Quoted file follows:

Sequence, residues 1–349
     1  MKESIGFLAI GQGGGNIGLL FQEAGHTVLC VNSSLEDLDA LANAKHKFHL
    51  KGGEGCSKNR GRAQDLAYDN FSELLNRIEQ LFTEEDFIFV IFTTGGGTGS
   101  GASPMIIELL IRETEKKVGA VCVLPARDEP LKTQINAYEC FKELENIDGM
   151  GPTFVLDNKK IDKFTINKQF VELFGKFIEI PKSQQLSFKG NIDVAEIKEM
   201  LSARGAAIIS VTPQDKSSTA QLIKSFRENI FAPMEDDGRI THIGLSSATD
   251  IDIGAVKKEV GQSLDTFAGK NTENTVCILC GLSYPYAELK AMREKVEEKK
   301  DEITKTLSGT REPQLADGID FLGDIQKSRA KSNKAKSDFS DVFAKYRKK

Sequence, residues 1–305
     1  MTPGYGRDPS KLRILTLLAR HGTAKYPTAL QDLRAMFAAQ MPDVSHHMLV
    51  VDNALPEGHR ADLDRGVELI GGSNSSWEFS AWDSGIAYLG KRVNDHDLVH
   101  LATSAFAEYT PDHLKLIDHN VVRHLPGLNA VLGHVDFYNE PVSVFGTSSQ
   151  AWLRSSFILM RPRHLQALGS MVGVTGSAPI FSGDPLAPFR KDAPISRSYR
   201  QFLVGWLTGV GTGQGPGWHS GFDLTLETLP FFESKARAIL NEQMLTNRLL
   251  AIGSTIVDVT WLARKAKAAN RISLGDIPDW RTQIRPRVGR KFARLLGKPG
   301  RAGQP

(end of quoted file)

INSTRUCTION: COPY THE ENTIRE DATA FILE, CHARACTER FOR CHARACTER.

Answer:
Sequence, residues 1–349
     1  MKESIGFLAI GQGGGNIGLL FQEAGHTVLC VNSSLEDLDA LANAKHKFHL
    51  KGGEGCSKNR GRAQDLAYDN FSELLNRIEQ LFTEEDFIFV IFTTGGGTGS
   101  GASPMIIELL IRETEKKVGA VCVLPARDEP LKTQINAYEC FKELENIDGM
   151  GPTFVLDNKK IDKFTINKQF VELFGKFIEI PKSQQLSFKG NIDVAEIKEM
   201  LSARGAAIIS VTPQDKSSTA QLIKSFRENI FAPMEDDGRI THIGLSSATD
   251  IDIGAVKKEV GQSLDTFAGK NTENTVCILC GLSYPYAELK AMREKVEEKK
   301  DEITKTLSGT REPQLADGID FLGDIQKSRA KSNKAKSDFS DVFAKYRKK

Sequence, residues 1–305
     1  MTPGYGRDPS KLRILTLLAR HGTAKYPTAL QDLRAMFAAQ MPDVSHHMLV
    51  VDNALPEGHR ADLDRGVELI GGSNSSWEFS AWDSGIAYLG KRVNDHDLVH
   101  LATSAFAEYT PDHLKLIDHN VVRHLPGLNA VLGHVDFYNE PVSVFGTSSQ
   151  AWLRSSFILM RPRHLQALGS MVGVTGSAPI FSGDPLAPFR KDAPISRSYR
   201  QFLVGWLTGV GTGQGPGWHS GFDLTLETLP FFESKARAIL NEQMLTNRLL
   251  AIGSTIVDVT WLARKAKAAN RISLGDIPDW RTQIRPRVGR KFARLLGKPG
   301  RAGQP